We can’t leave desi tadka far behind, and so our third recommendation is Tamasha (2015). Shot partly in Corsica (a French island in the Mediterranean Sea), the Ranbir-Deepika starrer has gained a cult following for its unique storytelling and playful lensing of the isle from the eyes of two millennial holiday-goers.
Rajasthan’s Ragas: Bandish Bandits
When it comes to capturing the duality of Rajasthan’s cities, Bandish Bandits (2020) immediately comes to mind. Shot in Bikaner and Jodhpur, the musical drama brings out spectacular views of monuments, havelis, folk traditions and living culture, combined with sweeping vistas of desert locations.
The show’s energetic Hindustani Classical soundtrack adds to the enchanting pull of the story, which explores generational ideas of talent, duty and pride in India.
For a watch with the kids, try Dhanak (2015). A heartwarming story of siblings Pari and Chotu, who embark on a 300-km journey to meet Shah Rukh Khan, it portrays the unseen side of everyday life in the state.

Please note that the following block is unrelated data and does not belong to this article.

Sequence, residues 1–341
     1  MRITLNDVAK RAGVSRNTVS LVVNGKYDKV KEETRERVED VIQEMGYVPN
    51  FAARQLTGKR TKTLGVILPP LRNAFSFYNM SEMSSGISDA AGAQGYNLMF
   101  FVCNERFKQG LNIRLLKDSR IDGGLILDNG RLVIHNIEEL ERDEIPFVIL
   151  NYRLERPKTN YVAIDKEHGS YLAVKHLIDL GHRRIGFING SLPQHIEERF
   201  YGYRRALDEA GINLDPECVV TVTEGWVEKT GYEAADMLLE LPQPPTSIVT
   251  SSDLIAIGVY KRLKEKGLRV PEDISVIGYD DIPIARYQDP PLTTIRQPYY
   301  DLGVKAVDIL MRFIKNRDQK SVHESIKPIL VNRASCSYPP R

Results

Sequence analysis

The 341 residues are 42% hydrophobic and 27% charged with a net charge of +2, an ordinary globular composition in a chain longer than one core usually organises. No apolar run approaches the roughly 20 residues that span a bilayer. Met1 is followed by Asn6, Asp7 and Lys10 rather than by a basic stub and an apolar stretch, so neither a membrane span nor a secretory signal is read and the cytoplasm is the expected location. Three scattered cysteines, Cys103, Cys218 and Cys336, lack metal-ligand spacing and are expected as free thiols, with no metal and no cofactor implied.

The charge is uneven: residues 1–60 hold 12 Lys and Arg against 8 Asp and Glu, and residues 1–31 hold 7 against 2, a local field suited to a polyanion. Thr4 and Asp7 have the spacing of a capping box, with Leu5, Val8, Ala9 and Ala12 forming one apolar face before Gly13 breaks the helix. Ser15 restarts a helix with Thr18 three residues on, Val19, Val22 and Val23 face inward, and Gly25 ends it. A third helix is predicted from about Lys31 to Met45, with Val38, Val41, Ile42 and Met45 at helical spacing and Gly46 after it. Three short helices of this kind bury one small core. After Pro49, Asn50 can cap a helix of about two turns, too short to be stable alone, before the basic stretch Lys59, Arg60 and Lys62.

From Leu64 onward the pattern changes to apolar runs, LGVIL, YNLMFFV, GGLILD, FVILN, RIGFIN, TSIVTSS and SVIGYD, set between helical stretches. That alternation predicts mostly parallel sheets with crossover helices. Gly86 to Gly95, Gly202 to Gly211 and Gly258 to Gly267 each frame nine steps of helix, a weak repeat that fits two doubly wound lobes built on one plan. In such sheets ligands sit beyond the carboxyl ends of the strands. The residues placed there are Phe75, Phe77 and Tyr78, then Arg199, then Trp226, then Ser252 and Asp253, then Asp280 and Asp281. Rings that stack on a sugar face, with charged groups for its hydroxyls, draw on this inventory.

Nepal: Nature’s Test of Man
The Climb (2017) is the ultimate example of how aiming high can actually get you there—sometimes, to the highest point on Earth!
This is the real-life story of a young man who promises to climb Mount Everest to win over his lady love. The film deftly shows a first-timer’s experiences in Nepal, but makes a better point of how the lack of mountaineering training can be life-threatening for climbers and their sherpas—something the Nepalaese government has been trying to highlight for years. The film is as real as it gets for the initial stages, as it was shot up to Everest’s Base Camp.
If you want another moving (but grittier) watch, then tune into Himalaya (1999). This was Nepal’s first film nominated to the Oscars, and realistically portrays the harshness of the mountains, and the spiritual customs of its native communities.
Madhya Pradesh: Monuments & Mauryans
Many have forgotten Asoka, the 2001 drama starring Shah Rukh Khan that depicted early parts of the Mauryan emperor’s life. We’re here to refresh your memory with its majestic shooting locations, which are spread all over the state.